USE* SERP engineers were engaged as a part of a team driving a project to refine the service deck of design standards. The focus for the USE* Automotive team would be on standards relating to serviceability and warranty avoidance. This was beneficial for USE*, but also for client, because in this way USE* could bring the experience of its entire team to bear in order to strengthen our input into this exercise. Because of our client’s wide ranging overhaul of engineering standards and other systems, it was also possible to re-work the deck of service standards significantly, and to apply a sufficient level of priority to the new and revised standards so that they could not be deviated from without senior management approval.

Two hundred existing standards were reviewed and aligned to vehicle systems and attributes. Of those, almost a quarter were deleted. The remaining standards were earmarked for rework, including combining multiple standards that detailed different requirements for the same system into one (or fewer) standards; improving the usability of the service deck of standards; reworking the existing requirements’ text; and writing new standards to detail requirements for new technology, or updated service strategies for exisiting systems.

It was necessary to engage with all areas of product development in order to gain concurrence that the new and modified service design standards would be acceptable to the engineering teams to which they would be cascaded. It was also necessary to achieve sign-off from senior level management. This allowed the standards to be aligned with the high level strategy for the client’s business.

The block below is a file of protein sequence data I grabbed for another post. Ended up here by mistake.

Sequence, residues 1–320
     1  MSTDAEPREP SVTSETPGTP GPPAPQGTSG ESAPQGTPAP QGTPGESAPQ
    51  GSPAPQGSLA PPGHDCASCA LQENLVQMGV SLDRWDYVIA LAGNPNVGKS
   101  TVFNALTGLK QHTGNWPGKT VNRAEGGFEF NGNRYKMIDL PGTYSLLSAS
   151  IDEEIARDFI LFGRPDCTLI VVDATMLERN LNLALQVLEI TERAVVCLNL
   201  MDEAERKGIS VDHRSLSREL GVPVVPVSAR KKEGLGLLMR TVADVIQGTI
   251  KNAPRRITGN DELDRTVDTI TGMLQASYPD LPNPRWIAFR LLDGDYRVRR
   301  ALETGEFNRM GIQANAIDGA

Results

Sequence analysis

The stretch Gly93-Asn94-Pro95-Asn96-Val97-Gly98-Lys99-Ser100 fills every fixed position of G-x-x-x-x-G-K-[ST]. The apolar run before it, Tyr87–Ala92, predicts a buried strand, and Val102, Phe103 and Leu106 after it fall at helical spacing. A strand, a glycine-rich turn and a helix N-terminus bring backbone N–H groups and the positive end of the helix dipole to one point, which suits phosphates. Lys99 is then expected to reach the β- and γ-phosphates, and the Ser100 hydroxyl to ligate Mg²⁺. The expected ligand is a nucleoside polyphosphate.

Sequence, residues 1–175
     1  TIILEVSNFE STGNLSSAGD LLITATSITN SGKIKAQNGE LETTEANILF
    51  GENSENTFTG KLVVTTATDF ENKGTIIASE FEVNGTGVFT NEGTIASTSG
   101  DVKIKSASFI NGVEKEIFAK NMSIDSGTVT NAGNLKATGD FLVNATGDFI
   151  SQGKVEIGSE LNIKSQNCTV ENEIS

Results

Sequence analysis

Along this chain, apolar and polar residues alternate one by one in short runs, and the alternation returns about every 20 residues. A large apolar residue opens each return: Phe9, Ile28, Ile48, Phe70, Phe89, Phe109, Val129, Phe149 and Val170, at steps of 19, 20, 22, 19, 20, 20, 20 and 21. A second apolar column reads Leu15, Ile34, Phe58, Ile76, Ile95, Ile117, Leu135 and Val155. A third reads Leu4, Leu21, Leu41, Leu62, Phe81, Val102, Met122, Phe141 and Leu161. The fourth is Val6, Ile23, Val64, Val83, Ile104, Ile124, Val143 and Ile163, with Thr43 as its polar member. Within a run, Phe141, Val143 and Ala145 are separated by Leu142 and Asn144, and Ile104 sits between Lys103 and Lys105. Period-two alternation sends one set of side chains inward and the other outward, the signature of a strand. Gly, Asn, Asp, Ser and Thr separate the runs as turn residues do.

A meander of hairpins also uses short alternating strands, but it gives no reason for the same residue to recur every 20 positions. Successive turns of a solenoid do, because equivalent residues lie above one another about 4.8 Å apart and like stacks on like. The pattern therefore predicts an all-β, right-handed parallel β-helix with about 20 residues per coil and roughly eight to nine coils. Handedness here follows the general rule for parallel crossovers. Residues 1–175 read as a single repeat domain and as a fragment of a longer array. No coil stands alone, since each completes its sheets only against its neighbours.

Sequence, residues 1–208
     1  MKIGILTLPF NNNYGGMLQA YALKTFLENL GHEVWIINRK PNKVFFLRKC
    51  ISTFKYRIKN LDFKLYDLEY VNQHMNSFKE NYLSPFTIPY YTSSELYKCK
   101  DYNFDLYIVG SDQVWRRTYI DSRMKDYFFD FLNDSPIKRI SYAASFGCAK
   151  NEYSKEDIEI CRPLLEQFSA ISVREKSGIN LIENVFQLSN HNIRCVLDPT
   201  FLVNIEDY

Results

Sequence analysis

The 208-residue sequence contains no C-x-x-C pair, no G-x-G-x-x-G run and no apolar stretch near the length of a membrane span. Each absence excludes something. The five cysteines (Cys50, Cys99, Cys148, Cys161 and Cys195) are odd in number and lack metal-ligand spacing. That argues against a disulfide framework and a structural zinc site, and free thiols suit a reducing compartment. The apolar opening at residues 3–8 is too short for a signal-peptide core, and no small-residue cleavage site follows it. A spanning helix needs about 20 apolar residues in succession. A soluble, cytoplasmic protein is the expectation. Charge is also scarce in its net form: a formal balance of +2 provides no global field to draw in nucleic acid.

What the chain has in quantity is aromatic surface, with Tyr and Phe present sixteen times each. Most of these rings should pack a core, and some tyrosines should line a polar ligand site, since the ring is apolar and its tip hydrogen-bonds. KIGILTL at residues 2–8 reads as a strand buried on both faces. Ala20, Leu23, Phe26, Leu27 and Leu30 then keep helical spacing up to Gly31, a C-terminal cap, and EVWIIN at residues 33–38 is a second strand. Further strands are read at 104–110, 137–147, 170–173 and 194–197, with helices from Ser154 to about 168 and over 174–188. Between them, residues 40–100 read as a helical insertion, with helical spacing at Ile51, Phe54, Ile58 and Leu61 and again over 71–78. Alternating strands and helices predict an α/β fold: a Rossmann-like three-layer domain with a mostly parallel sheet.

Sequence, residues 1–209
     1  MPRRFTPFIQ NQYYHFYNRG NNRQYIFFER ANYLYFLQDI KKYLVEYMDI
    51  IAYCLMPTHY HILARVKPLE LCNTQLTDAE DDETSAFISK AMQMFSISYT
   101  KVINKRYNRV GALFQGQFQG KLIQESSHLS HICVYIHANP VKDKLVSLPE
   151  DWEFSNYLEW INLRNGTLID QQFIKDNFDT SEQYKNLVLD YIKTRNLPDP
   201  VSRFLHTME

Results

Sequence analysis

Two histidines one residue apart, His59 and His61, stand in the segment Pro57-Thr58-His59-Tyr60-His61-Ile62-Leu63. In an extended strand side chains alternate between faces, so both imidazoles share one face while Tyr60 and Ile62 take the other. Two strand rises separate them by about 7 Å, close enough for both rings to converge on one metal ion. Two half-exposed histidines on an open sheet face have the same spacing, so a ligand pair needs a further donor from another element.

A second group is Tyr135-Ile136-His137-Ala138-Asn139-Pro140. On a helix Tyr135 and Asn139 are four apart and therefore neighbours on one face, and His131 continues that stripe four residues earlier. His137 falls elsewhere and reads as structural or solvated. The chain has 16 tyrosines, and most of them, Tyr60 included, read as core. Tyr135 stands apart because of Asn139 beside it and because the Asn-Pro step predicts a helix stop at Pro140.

Once sign-off was achieved, the final stage of the project was to populate the generic deck of service standards to the client’s standards management system, ready for cascading to specific vehicle programmes.

Its Benefits

The key benefit has been to raise the priority profile of serviceability standards generally. All the new standards require senior sign-off should a deviation be sought. This will add weight to any request for design changes to improve serviceability.

The new standards capture significant service lessons learned, based on the broad experience of both the client and the USE* teams. And new standards have been introduced to account for emerging technologies. Successful delivery against the new standards will mean an even more innate approach to design for serviceability at client - a key objective for USE* Automotive’s support with any of our customers.

The new standards deck also achieved our goal of reducing workload for service programme coordinators whose role includes creating vehicle programme specific decks of service standards cascaded to the relevant engineering teams.
Our Achievements

Through working extensively with the client’s standards management team, USE* Automotive were among the first to fully embrace the advantages of working with design standards that are focused specifically on client aftermarket strategies. As a result, a significant contribution was made to the definition of the interim stand alone requirements management system. Recognised by the standards management team, USE* Automotive SERP engineers have subsequently been engaged in the selection process for the client’s future standards management system.